every schoolboy, and then to couple it with fictions. A ticket is one thing, a lie is another: however, the tickets in the lawyer's bag are generally contrived to take the notes out of his client's money-bag; and so far the allusion is more applicable than the writer himself seems to have been aware of.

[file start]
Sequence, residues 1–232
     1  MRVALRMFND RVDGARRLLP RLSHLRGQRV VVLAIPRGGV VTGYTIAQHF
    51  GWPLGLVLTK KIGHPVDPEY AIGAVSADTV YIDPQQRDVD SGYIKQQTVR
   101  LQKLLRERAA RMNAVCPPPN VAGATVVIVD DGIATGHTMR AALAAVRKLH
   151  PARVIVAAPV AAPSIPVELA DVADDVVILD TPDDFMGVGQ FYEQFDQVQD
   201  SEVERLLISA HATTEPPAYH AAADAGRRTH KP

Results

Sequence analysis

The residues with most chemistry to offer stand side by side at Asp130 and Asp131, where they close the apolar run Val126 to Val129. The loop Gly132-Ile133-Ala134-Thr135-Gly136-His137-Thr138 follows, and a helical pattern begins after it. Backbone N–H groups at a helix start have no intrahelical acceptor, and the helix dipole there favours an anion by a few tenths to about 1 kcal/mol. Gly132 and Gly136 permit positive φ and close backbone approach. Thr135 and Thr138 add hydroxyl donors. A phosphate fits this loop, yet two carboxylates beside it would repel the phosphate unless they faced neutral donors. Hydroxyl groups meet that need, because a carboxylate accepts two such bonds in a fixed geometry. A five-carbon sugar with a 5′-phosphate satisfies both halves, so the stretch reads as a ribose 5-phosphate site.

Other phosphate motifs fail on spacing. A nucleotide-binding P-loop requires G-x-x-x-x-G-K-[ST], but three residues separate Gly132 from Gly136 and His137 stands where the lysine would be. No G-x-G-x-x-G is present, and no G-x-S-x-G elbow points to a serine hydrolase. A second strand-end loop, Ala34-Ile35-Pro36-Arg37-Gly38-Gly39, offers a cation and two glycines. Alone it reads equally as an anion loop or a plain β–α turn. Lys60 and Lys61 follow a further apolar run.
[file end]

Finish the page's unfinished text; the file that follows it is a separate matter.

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However, though I understand not the tery of fiction, it is plain from this piece of yours, that it has been exploded by some who have understood it for you tell me that Fictions were formerly termed an abuse of law; but, from the vicissitudes of the times, and occurrences of new circumstances, they have been a long time thought necessary, and allowed.' Times are changed indeed, if abusive fictions are become necessary! Either the ancients had more conscience, and less duplicity; or else modern wisdom has made them fools, by consecrating their abuse to a necessary good. To be plain: the term fiction, in opposition to fact, means a lie; and fact, in opposition to fiction, means the truth. I am inclined to think this is a jargon peculiar to yourself. Gipsies have their own gibberish; and every juggler has his own dialect, which serves to puzzle the wise, confound the ignorant, and blind the judicious. A fiction may be necessary to muddle a man's brains, and plunder his purse; but there is no call for it to bring iniquity to light, condemn the wicked, or justify the righteous. Therefore the ancients in terming it an abuse of law, shew their honesty;